A guide on the Assessment of Pelvic Endometriosis Imaging

A guide on the Assessment of Pelvic Endometriosis Imaging

Reporting US and MRI Findings for the Assessment of Endometriosis

Key Points


  • This article aims to offer suggestions on the imaging of endometriosis with an emphasis on structured reporting for ultrasound (US) and MRI.
  • For an appropriate treatment and to minimize delay in diagnosis, the use of imaging modalities that accurately map disease involvement is critical.
  • A complete pelvic imaging evaluation accompanied by a structured and informative report requires the radiologist and sonographer to understand the disease with the latest strategies.
  • Thus the proposed structured imaging report provided here can be a helpful tool that allows meticulous patient counseling and thorough treatment planning.

What’s done here? 

  • A multicenter group composed of expert clinicians, surgeons, and radiologists from in Sao Paulo, Brazil, the Mayo Clinic, Arizona, and the Cleveland Clinic, Ohio, present their views in imaging and management of patients with endometriosis.

Key results:

  • MRI and US provide unique advantages in the diagnosis and evaluation of endometriotic lesions.
  • A specialized imaging protocol and standardized reporting method tailored to the evaluation of endometriosis are critical for optimal treatment planning and to minimize delay in the diagnosis.
  • US assessment of the posterior cul-de-sac should be performed because it is helpful in operative planning.
  • The location, extent, and distance of endometriotic lesions from key anatomic locations should be summarized in a structured manner.
  • The proposed reporting format is provided in detail in the article.


  • Several anatomic locations including nonpelvic organs, such as the abdominal wall, hepatorenal space, diaphragm, and the pleura were not included in the article’s description of a structured report due to the rare incidence of endometriosis in these areas.

Lay Summary

Endometriosis is a disease whereby ectopic endometrial-like tissue invades and survives outside of the endometrial cavity. While biopsy-proven confirmation of endometriosis during laparoscopy has been considered the gold standard for diagnosis, non-invasive imaging modalities are increasingly being utilized for preoperative planning.

A multicenter group of clinicians, surgeons, and radiologists from Sao Paulo, Brazil, the Mayo Clinic, Arizona, and the Cleveland Clinic, Ohio, published an article in The Journal of Minimally Invasive Gynecology in order to highlight the radiologic characteristics, advantages/disadvantages, and development of non-invasive imaging for endometriosis.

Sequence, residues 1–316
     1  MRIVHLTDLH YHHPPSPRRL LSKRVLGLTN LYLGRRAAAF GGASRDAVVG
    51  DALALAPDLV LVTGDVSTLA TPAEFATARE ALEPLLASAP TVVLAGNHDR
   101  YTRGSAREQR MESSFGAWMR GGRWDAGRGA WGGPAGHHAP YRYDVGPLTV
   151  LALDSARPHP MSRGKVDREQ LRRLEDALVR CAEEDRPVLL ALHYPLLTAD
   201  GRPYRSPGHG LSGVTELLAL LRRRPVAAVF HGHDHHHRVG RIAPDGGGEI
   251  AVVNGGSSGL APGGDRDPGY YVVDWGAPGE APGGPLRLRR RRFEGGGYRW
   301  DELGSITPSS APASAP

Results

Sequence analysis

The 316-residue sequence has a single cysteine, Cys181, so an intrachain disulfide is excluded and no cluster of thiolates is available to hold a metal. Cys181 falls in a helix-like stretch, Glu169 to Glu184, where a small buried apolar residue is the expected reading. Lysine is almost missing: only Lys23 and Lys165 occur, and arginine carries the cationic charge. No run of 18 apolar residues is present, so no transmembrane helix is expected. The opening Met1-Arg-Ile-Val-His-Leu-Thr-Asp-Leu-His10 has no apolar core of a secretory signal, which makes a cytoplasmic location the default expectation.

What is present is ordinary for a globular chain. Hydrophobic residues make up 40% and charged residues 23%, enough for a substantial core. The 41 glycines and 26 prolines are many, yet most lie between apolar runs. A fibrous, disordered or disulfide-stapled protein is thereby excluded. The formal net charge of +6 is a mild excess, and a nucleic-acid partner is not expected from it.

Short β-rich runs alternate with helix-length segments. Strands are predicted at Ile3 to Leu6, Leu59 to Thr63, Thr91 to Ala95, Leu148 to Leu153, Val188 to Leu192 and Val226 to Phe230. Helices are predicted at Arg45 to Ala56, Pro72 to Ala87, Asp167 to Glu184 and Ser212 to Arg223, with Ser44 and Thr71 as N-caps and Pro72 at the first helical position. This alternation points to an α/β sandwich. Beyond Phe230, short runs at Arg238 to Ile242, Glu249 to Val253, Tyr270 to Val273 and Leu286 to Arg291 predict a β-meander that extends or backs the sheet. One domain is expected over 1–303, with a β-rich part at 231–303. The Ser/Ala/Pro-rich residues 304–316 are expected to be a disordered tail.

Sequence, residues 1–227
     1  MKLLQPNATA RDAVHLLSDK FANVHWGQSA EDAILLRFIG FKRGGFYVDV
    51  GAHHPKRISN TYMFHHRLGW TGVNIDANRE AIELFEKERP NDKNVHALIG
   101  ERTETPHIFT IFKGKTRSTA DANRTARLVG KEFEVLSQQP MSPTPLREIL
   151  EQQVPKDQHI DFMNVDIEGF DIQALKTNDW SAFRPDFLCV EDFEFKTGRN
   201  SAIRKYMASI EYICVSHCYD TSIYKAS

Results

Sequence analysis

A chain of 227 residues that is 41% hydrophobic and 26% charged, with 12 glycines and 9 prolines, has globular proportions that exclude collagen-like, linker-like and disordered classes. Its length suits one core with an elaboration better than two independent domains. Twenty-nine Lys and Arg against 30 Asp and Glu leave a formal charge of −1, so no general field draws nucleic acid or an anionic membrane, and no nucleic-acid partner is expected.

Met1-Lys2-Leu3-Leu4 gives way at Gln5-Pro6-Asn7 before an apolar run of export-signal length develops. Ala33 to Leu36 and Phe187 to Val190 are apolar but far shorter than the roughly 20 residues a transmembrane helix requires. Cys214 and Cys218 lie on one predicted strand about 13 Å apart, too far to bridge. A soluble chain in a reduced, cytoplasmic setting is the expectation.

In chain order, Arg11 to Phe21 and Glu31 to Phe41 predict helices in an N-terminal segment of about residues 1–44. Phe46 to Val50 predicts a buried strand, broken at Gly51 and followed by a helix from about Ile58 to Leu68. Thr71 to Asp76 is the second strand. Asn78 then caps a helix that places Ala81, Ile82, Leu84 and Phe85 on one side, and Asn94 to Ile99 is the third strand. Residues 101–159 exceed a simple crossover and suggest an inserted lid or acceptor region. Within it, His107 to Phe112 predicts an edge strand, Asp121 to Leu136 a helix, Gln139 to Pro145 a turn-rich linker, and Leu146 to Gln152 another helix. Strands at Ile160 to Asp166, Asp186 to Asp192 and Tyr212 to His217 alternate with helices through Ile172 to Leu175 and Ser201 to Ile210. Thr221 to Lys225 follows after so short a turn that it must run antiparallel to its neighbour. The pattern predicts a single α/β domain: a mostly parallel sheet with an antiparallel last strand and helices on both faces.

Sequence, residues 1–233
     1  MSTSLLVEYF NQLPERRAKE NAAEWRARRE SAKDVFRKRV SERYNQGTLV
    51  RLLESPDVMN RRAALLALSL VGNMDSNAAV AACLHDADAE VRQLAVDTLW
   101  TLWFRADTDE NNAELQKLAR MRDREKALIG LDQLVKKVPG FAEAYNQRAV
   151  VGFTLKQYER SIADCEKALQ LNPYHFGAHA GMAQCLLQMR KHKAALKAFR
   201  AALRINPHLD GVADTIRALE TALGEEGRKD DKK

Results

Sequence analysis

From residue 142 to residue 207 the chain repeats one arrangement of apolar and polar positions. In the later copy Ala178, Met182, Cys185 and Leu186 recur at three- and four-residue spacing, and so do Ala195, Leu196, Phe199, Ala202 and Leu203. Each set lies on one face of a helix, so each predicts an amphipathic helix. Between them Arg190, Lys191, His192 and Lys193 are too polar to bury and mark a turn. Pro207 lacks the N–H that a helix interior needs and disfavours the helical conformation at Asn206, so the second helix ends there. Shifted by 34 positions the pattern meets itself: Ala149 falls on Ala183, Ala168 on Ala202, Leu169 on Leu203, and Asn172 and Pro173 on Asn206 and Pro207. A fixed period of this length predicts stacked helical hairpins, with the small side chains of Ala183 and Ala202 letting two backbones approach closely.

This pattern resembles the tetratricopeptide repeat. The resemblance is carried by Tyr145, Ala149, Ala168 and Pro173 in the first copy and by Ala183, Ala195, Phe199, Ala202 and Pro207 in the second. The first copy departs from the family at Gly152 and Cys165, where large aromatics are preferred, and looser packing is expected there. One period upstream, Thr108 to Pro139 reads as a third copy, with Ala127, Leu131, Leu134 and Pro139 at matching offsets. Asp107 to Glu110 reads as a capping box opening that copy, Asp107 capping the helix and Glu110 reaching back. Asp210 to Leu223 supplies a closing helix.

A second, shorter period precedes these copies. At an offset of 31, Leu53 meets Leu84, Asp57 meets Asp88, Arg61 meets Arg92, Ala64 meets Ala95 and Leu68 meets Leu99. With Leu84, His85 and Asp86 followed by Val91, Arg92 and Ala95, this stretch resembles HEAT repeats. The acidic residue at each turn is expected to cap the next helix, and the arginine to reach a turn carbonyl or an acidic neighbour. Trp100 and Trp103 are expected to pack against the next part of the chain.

Ultrasound (US) and Magnetic resonance imaging (MRI) are imaging modalities that are useful in the diagnosis of endometriotic lesions. Recently, studies have shown that MRI and US are clinically useful in the diagnosis of Deep-Infiltrating Endometriosis (DIE) and endometriomas.

The US is especially useful in the assessment of pelvic organ adhesions through dynamic and interactive manipulation during the study. According to this article, the US is also better than MRI in identifying small intestinal lesions, especially those which are close to the sigmoid and ileocecal region due to image distortion from peristalsis.

For each compartment of the pelvis (anterior, middle, posterior) the authors have outlined specific and formatted information that should be provided in the imaging report. For example, evaluation of the middle compartment, which includes the uterus, ovaries, and fallopian tubes should check for the presence of endometrial gland thickening, adenomyosis, mobility of the ovaries (if also performing the US), adhesions, and size of the tubes. All of these characteristics should be added to the radiology report for optimal treatment planning. 

"To minimize delay in diagnosis and provide appropriate treatment, the use of imaging modalities that accurately map disease involvement is critical. Complete pelvic imaging accompanied by a structured and informative report not only requires that the radiologist and sonographer understand the disease and the latest clinical and surgical strategies but also necessitates a close communication and interaction between clinicians and surgeons to optimize patient outcomes" concluded the experts.

Research Source: https://www.ncbi.nlm.nih.gov/pubmed/30849475

endometriosis imaging MRI US


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